“A Walk Among the Tombstones” isn’t the big, super-graphic, non-stop shoot-’em-up that Liam Neeson fans had been hoping for (but were mostly deprived of) in the “Taken” movies. It’s something surprisingly better: a moody, sometimes disturbing noir thriller that hews closer to David Fincher than it does to Luc Besson.
Though the body count isn’t as high as most films in the star’s recent wave of action flicks (I could probably count the number of bullets that are discharged in this film on two hands), the stakes are far more tangible, and the retribution much more gruesome.
On paper, Neeson’s character, Detective Matt Scudder (who was made famous in a series of novels by Lawrence Block), looks like an extension of his alcoholic air marshal in this year’s “Non Stop”. After a fatal shoot-out in the streets of Brooklyn, the brooding cop, sporting Neeson’s Ra’s al Ghul goatee from “Batman Begins”, joins AA and quits the police force (there’s even an ex-wife mentioned for good measure).
On screen, though, Neeson mostly transcends the clichés associated with the “tortured ex-cop”. After eight years of sobriety, Scudder, now an unlicensed, clean-shaven private eye, is called on by drug trafficker Kenny Kristo (Dan Stevens) to find the men who abducted his wife and cut her into pieces, despite having been paid a ransom. At first reluctant, Scudder investigates and finds himself on the trail of two sadistic psychopaths (David Harbour and Adam David Thompson) who target the wives and girlfriends of high-level narcotics dealers.
Scudder’s first big break in the case comes from the groundskeeper of a cemetery (Ólafur Darri Ólafsson), where one of the bodies had been found dismembered and floating in a pond. After Scudder discovers that he’s involved, the weak-willed man coughs up a vague location, the name “Ray”, and then takes a ten-story swan dive into the roof of a car (“What gave me away?”, the guy asks before jumping, to which Neeson replies: “Everything. You’re a weirdo.”)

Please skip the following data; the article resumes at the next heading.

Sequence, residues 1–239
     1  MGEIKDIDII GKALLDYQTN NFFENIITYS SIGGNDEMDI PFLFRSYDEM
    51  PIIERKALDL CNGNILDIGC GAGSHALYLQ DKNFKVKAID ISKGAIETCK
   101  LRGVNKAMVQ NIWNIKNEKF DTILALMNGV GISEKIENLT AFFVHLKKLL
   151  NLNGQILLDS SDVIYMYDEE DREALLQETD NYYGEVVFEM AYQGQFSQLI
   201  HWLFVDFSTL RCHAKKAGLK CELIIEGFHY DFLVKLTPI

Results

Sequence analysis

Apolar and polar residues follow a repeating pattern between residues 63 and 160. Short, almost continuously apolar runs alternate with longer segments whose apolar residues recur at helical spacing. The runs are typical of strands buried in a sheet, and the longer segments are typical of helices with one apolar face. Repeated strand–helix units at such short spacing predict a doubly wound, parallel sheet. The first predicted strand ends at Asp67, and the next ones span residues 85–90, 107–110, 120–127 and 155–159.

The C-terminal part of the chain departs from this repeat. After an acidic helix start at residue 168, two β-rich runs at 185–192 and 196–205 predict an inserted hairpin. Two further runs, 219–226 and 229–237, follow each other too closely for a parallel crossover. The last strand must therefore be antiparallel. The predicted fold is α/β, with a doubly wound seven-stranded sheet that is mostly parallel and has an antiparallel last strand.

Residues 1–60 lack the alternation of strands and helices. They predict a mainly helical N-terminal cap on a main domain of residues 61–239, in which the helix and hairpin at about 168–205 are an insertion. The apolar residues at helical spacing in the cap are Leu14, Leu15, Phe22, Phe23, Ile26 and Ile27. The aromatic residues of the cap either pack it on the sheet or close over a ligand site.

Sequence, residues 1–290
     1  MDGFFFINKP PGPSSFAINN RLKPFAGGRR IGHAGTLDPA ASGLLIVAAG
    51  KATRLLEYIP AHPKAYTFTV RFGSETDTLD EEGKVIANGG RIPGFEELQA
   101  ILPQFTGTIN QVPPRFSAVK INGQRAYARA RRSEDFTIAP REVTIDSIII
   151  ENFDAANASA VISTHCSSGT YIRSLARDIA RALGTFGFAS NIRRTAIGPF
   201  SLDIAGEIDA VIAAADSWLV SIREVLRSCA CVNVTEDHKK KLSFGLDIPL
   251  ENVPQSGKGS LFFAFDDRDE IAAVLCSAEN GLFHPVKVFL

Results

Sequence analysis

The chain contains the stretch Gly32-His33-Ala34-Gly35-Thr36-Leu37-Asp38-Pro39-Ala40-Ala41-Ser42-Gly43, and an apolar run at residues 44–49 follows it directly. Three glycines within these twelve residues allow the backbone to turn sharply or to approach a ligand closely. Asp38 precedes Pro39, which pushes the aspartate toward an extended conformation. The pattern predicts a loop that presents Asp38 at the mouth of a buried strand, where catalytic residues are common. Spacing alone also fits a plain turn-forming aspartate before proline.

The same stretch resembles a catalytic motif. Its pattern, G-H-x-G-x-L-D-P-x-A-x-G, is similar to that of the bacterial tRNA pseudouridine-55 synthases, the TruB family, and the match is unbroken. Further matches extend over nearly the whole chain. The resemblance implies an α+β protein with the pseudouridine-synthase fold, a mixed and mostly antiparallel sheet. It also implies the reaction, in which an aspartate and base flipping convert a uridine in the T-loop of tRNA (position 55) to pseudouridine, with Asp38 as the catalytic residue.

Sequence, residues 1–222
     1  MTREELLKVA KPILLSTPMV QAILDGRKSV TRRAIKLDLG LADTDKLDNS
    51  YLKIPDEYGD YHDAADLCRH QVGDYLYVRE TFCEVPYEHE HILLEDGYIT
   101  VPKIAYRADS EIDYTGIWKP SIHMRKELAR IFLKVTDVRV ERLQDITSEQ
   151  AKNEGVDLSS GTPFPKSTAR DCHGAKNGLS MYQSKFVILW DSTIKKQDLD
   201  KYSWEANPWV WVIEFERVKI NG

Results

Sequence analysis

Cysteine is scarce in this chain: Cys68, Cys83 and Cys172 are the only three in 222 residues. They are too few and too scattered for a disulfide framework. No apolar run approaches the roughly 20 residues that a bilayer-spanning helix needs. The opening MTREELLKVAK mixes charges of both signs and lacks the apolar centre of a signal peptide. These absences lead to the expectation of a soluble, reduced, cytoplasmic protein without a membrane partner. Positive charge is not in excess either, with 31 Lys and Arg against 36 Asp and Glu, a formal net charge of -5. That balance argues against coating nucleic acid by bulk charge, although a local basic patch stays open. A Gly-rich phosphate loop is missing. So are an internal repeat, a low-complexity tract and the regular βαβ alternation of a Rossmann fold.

“Tombstones” takes place in 1999, and screenwriter/director Scott Frank’s (2007’s “The Lookout”) style harks back to atmospheric psychological thrillers of that era like “Seven”, where the creaky, shadowy settings were enough to give you the heebee-jeebees. Cinematographer Mihai Malaimare Jr. looms over his subjects like an apparition, as Scudder’s investigation takes him to some haunting Brooklyn locales (there’s something inherently chilling about a character perusing newspaper articles on a Microfiche in an old, dark library during a thunderstorm), and vertigo-inducing camera angles and tracking shots occasionally recall the more macabre works of early Brian De Palma.
The script only loses its grim focus every now and again: One side story showcases a great young talent named Brian ‘Astro’ Bradley (“Earth to Echo”), who plays Scudder’s unlikely teenage sidekick TJ. He’s present in a lot of situations that would have been far more convincing without a kid’s involvement — this isn’t a Roland Emmerich movie, after all — but he’s a highlight when assisting Scudder in his investigation, namely with technology that seems to be beyond the ex-cop’s stubbornly old-school scope of knowledge. Bradley’s performance is skillfully nuanced, and it almost makes you forgive the old “I’m coming with you!” schtick that so many writers feel compelled to ruin their movies with.
But if you’re going to buy a ticket, buy it for David Harbour, who plays one of the creepiest serial killers since Buffalo Bill. “A Walk Among the Tombstones” is a dark, realistic thriller that gets to the payoff rather circuitously; its aim, I suppose, is to depict how sloppy and unpredictable such a situation could really play out. This might come at the expense of some viewers, who are hoping for more of Neeson’s trademark blend of jiu-jitsu and lightning quick trigger speed. But don’t worry, “Taken 3” is right around the corner.